There was a lively debate on Threads, the latest entry in the platform economy trying to dismantle the entirety of civil society, over whether it was disingenuous for a CNBC article to refer to Twitter’s official response to press inquiries with– yep- a poop emoji. We know that this is a thing, a journalist lamented. We have to stop talking about it like it’s a real thing! After all, Twitter has been doing this for awhile, right? Does that mean we should normalize it and just brush it off? Business as usual? Just another poop emoji, huh? Is it all, in fact, just poop? Always has been?!
Wait a minute. What’s going on here?
In case you’ve been blissfully unaware, we live in an era in which the rich, powerful, and my Republican in-laws (who are neither but seem to love the first two categories) alike are openly and even gleefully hostile to the press. Trump made it a hallmark of his entire presidency, with perhaps the most notorious moments being when he encouraged his supporters to beat up members of a free press at his rally, or when his surrogate and now-governor of Montana Greg Gianforte actually did this to a journalist (and Grinnell College alum!).
I keep mentioning these because we cannot afford to normalize these incidents as a society.
Meanwhile, when longtime Trump fan Apartheid Clyde took over Twitter, he made swift moves to fire lots of people (including people he later pleaded with to come back) and slice and dice entire departments. This included, among many others, the media relations department. Tesla did the same thing in 2020. Inquiries to firstname.lastname@example.org are returned with naught but a poop emoji.
We know the dude is a petulant teenager. His fans, ever keen to insist that everything the man does is part of some game of four-dimensional chess, don’t seem to mind. But this is a problem in an era in which media is increasingly paywalled and politics are increasingly polarized. (Elon Musk doesn’t care– he’s got like $250 billion. I don’t think I’d care about random people complaining about me if I had $250 billion, either, I guess).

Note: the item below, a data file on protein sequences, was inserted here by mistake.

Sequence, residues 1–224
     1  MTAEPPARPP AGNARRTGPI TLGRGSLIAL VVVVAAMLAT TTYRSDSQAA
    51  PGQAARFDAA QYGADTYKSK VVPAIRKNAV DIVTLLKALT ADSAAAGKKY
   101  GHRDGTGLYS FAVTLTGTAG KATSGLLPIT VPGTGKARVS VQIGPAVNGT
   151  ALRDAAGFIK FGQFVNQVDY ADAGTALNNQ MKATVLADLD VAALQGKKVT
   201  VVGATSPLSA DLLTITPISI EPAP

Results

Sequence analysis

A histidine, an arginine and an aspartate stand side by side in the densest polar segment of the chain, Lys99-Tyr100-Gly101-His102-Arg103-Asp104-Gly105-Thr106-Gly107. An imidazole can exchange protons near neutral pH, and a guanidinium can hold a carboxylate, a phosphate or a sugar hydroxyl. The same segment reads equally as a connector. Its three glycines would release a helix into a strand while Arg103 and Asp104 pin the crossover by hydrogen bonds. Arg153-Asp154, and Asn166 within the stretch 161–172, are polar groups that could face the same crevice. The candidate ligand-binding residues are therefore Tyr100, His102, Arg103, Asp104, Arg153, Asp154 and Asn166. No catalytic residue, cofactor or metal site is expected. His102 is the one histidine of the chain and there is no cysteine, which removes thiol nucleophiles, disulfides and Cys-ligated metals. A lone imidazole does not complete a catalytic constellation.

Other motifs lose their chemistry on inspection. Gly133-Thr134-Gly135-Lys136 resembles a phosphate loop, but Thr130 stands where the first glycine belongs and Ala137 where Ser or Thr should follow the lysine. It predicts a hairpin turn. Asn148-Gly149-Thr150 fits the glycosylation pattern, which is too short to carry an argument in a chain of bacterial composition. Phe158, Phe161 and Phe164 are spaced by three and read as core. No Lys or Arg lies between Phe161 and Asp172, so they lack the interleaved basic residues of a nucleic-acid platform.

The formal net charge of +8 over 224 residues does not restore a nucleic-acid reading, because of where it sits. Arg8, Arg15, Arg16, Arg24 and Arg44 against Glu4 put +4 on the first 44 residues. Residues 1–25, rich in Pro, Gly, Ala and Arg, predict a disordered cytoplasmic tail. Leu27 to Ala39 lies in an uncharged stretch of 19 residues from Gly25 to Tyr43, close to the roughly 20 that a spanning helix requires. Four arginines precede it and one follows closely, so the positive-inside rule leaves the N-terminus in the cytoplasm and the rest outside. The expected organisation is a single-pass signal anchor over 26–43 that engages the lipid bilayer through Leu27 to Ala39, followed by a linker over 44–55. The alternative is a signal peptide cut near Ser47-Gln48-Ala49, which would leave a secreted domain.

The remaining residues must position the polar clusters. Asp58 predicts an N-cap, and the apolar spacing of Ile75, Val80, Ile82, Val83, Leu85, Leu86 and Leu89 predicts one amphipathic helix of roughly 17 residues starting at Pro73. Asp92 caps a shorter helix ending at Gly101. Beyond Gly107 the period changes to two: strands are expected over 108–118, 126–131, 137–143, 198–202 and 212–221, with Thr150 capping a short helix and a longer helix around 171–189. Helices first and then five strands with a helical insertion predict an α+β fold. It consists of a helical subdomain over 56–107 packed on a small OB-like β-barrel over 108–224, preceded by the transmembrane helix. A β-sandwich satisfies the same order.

Why Having A (Hopefully Competent) Media Relations Team Is Crucial
A media team provides the venue for an organization to call the shots on information that goes out of the organization and, to some degree, the information that comes in. Well-run, they can be tools for marketing. Poorly run, they are likely to lead journalists to come to their own conclusions, seek out confidential sources, and sometimes even make incorrect conclusions because the media team either misrepresented, lied, or simply didn’t communicate. I ran into this issue when I wrote about the health effects of wildfire smoke, in which no one seemed too interested in speaking with me, whether Henry Ford’s “are you even a real journalist” dismissive response; DMC, which barely responded at all; or Ascension, in which I only got a response via Twitter.
If a media relations team from an organization is unresponsive or nonexistent, it’s the mark of an organization that doesn’t particularly care about its public image. Full stop.